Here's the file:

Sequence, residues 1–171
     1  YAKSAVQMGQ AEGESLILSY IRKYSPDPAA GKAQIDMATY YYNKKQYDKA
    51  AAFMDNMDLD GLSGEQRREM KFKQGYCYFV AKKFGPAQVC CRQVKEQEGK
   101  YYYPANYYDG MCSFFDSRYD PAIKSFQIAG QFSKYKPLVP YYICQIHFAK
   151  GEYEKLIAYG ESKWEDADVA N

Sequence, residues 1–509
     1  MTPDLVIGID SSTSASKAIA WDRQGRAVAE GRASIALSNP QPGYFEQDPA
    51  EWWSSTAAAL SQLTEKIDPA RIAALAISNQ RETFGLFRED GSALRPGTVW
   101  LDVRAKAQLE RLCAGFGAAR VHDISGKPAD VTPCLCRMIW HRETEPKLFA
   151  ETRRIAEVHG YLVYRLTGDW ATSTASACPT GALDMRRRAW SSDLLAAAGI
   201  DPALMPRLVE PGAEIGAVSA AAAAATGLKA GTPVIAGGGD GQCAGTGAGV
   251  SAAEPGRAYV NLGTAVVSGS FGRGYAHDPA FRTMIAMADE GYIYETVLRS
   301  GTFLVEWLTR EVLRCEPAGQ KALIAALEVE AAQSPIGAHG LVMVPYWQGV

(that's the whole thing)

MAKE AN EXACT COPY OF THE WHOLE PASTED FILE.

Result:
Sequence, residues 1–171
     1  YAKSAVQMGQ AEGESLILSY IRKYSPDPAA GKAQIDMATY YYNKKQYDKA
    51  AAFMDNMDLD GLSGEQRREM KFKQGYCYFV AKKFGPAQVC CRQVKEQEGK
   101  YYYPANYYDG MCSFFDSRYD PAIKSFQIAG QFSKYKPLVP YYICQIHFAK
   151  GEYEKLIAYG ESKWEDADVA N

Sequence, residues 1–509
     1  MTPDLVIGID SSTSASKAIA WDRQGRAVAE GRASIALSNP QPGYFEQDPA
    51  EWWSSTAAAL SQLTEKIDPA RIAALAISNQ RETFGLFRED GSALRPGTVW
   101  LDVRAKAQLE RLCAGFGAAR VHDISGKPAD VTPCLCRMIW HRETEPKLFA
   151  ETRRIAEVHG YLVYRLTGDW ATSTASACPT GALDMRRRAW SSDLLAAAGI
   201  DPALMPRLVE PGAEIGAVSA AAAAATGLKA GTPVIAGGGD GQCAGTGAGV
   251  SAAEPGRAYV NLGTAVVSGS FGRGYAHDPA FRTMIAMADE GYIYETVLRS
   301  GTFLVEWLTR EVLRCEPAGQ KALIAALEVE AAQSPIGAHG LVMVPYWQGV